Performance assessment of a laboratory scale prototype biofiltration system in tropical region

Andreas Aditya Hermawan, Amin Talei, Janet Yip Cheng Leong, Mayuran Jayatharan, Hui Weng Goh, Sina Alaghmand

Research output: Contribution to journalArticleResearchpeer-review

3 Citations (Scopus)


Biofiltration systems, as one of the best management practices, have good potentials to improve stormwater quality and hydrology of urban catchments. While biofiltration systems are well-studied in developed countries, the majority of those studies are conducted for temperate climate and there is a lack of lab-scale and field-scale studies on such systems under tropical conditions. This paper focuses on the performance of a lab-scale prototype biofiltration systems in stormwater retention efficiency as well as pollutants removal (including heavy metals and nutrients) from synthetic stormwater reproducing tropical rainfall events. A three-layer sand-based filter media with two different native plants including Pedilanthus tithymaloides and Cyperus alternifolius was selected for this study. Results showed that the system with Cyperus has a better stormwater retention capacity compared to the one with Pedilanthus. In addition, the observed infiltration rate in Cyperus and Pedilanthus were 338 mm/h and 267 mm/h, respectively. The better hydraulic performance in the system with Cyperus was attributed to the deeper and more extensive root penetration of this plant (as deep as 800 mm) compared to Pedilanthus (as deep as 250 mm). While both systems failed to perform well in removing total nitrogen, they performed significantly better in removing total phosphorus (Cyperus and Pedilanthus removed 67.3% and 62.5% of total phosphorus, respectively). The statistical analysis of results showed that the top 100 mm layer of filter media is the main contributor to total phosphorus removal. However, no major differences were observed between the two systems in phosphorus removal. Moreover, both systems were also capable of removing the available heavy metals (i.e., Fe, Cu, Mn, Ni, Pb, and Zn) as the removal efficiencies exceeded 90%, except for Fe (76%). Similar to phosphorus, it was concluded that the top layer is the major contributor to the heavy metals removal. Overall, the biofiltration system using Cyperus was found to be a successful system for operating under tropical conditions.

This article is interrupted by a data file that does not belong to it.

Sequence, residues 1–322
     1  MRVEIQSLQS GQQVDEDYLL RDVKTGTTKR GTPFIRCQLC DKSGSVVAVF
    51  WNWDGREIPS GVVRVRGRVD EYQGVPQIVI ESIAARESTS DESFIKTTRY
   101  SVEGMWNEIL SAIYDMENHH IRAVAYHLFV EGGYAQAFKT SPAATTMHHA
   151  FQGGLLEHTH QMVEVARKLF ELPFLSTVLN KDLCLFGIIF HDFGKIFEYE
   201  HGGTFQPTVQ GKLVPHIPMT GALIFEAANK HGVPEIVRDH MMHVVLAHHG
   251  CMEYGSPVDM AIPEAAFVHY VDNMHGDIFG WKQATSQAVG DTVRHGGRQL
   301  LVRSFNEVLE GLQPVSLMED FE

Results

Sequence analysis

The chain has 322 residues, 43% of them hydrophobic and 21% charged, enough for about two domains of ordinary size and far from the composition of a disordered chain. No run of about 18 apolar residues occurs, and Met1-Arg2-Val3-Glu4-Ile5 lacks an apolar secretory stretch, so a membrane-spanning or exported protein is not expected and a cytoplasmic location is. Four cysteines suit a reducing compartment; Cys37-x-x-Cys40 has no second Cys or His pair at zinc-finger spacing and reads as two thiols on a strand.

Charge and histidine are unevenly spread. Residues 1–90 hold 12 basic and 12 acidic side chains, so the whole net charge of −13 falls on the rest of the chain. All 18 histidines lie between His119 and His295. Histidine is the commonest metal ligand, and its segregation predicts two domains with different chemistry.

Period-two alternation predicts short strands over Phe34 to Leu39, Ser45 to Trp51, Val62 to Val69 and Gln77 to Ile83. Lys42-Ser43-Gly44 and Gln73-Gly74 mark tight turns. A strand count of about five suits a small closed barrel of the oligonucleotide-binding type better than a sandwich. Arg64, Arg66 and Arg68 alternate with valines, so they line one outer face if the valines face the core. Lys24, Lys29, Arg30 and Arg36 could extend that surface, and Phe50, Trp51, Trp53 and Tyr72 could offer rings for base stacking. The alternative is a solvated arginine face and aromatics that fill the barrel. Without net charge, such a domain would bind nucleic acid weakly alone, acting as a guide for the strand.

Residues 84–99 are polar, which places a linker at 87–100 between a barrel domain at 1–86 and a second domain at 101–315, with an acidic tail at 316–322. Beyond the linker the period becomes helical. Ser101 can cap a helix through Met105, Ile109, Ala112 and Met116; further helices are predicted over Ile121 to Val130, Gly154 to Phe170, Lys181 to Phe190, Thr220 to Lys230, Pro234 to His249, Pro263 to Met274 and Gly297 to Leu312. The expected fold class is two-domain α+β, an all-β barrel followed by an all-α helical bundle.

Original languageEnglish
Article number1947
Number of pages16
Issue number7
Publication statusPublished - 2 Apr 2019


  • Biofiltration system
  • Heavy metals
  • Stormwater treatment

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